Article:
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  • journal.pone.0106746

    Rights statement: © 2014 Hughes, Middleton. This is an open-access article distributed under the terms of the Creative Commons Attribution License, which permits unrestricted use, distribution, and reproduction in any medium, provided the original author and source are credited.

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Comparison of the structure and function of phospholamban and the Arginine-14 deficient mutant associated with dilated cardiomyopathy

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Article number106746
<mark>Journal publication date</mark>16/09/2014
<mark>Journal</mark>PLoS ONE
Issue number9
Volume9
Number of pages10
Publication statusPublished
Original languageEnglish

Abstract

Phospholamban (PLB) is a pentameric protein that plays an important role in regulating cardiac contractility via a reversible inhibitory association with the sarcoplasmic reticulum Ca(2+)ATPase (SERCA), the enzyme responsible for maintaining correct calcium homeostasis. Here we study the functional and biophysical characteristics of a PLB mutant associated with human dilated cardiomyopathy (DCM), with a deletion of arginine at position 14 (PLBR14 Delta). In agreement with recent findings, we find that PLBR14 Delta has a reduced inhibitory effect on SERCA compared to wild type PLB (PLBWT) when reconstituted into lipid membranes. The mutation also leads to a large reduction in the protein kinase A-catalysed phosphorylation of Ser-16 in the cytoplasmic domain of PLBR14 Delta. Measurements on SERCA co-reconstituted with an equimolar mixture of PLBWT and PLBR14 Delta (representing the lethal heterozygous state associated with DCM) indicates that the loss-of-function mutation has a dominant effect on PLBWT functionality and phosphorylation capacity, suggesting that mixed PLBWT/PLBR14 Delta pentamers are formed that have characteristics typical of the mutant protein. Structural and biophysical analysis of PLBR14 Delta indicates that the mutation perturbs slightly the helical structure of the PLB cytoplasmic domain and reduces its affinity for the phospholipid bilayer surface, thereby altering the orientation of the cytoplasmic domain relative to the wild-type protein. These results indicate that the structure and function consequences of the R14 deletion have profound effects on the regulation of SERCA which may contribute to the aetiology of DCM.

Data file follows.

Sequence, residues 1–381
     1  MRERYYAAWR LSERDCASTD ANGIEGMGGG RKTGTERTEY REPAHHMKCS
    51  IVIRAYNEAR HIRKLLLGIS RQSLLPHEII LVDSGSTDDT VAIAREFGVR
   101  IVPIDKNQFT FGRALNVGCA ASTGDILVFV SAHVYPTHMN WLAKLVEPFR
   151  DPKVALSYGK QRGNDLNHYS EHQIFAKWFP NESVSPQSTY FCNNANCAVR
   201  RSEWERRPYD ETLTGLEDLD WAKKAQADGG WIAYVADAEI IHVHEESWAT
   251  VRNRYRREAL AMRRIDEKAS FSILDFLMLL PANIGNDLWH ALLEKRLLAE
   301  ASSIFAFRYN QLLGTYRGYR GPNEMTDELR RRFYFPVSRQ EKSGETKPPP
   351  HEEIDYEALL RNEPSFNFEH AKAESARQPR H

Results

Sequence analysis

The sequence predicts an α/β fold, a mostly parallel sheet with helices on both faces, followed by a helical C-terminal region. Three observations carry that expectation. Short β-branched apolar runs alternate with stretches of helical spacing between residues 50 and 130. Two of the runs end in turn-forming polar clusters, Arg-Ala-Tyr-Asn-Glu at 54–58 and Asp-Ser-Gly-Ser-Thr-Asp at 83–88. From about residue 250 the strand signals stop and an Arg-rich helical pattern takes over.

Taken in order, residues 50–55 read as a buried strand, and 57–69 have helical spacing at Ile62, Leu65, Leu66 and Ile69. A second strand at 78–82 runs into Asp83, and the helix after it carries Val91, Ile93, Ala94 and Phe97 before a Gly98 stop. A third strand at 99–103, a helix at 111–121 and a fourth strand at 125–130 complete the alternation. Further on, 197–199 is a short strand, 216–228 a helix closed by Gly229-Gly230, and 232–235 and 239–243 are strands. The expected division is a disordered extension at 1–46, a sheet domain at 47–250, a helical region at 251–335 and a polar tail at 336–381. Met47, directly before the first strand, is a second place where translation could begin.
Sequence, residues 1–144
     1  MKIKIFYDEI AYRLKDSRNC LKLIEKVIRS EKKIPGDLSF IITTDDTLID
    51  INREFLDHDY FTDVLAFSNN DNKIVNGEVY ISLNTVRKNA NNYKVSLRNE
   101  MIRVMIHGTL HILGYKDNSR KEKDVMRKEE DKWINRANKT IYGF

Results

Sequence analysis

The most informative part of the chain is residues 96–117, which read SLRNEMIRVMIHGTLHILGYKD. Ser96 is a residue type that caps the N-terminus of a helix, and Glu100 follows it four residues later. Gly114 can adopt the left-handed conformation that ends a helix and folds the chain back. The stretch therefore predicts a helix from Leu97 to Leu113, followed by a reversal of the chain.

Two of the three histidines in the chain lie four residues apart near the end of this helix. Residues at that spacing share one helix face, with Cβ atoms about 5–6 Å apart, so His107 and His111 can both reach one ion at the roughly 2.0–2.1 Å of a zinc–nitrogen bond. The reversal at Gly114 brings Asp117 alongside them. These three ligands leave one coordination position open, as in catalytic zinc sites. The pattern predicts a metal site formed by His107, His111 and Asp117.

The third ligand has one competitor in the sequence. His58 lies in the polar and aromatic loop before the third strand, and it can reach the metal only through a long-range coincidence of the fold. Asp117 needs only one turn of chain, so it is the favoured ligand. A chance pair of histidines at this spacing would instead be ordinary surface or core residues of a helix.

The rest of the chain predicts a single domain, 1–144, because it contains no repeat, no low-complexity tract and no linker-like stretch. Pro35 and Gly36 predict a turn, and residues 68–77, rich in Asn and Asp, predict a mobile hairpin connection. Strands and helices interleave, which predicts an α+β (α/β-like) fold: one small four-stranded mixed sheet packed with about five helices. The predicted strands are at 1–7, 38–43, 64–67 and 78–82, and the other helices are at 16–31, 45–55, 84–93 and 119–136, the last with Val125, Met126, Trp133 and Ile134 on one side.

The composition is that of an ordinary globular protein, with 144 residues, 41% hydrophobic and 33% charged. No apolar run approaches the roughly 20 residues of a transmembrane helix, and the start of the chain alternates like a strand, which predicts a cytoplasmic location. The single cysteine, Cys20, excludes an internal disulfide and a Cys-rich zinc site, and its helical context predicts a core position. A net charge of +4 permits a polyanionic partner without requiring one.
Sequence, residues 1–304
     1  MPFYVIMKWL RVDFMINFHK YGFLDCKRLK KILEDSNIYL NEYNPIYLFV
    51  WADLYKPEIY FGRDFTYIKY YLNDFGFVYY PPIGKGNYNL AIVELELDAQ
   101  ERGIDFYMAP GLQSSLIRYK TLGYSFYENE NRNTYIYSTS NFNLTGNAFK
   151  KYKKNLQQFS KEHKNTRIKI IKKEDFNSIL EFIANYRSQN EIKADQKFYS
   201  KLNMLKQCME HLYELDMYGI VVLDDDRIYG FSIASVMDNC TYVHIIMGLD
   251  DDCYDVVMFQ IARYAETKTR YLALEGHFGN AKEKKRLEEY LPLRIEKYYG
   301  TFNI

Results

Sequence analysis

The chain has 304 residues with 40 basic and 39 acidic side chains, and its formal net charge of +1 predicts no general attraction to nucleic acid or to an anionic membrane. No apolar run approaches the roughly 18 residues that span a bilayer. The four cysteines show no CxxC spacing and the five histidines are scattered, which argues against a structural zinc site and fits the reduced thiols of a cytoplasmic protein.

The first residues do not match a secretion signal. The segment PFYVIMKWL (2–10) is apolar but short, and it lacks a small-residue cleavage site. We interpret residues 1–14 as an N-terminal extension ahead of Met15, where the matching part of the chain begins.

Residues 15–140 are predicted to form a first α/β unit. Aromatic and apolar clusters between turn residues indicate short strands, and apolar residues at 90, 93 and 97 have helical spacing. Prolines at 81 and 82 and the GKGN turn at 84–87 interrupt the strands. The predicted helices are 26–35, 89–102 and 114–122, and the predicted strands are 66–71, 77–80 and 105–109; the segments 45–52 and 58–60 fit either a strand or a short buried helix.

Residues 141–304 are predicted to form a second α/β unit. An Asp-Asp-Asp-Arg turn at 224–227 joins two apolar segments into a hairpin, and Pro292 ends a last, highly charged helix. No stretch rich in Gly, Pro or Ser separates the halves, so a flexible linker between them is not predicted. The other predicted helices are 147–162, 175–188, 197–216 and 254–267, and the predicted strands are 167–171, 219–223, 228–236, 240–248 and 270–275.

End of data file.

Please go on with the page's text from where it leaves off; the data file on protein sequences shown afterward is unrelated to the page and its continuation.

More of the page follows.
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© 2014 Hughes, Middleton. This is an open-access article distributed under the terms of the Creative Commons Attribution License, which permits unrestricted use, distribution, and reproduction in any medium, provided the original author and source are credited.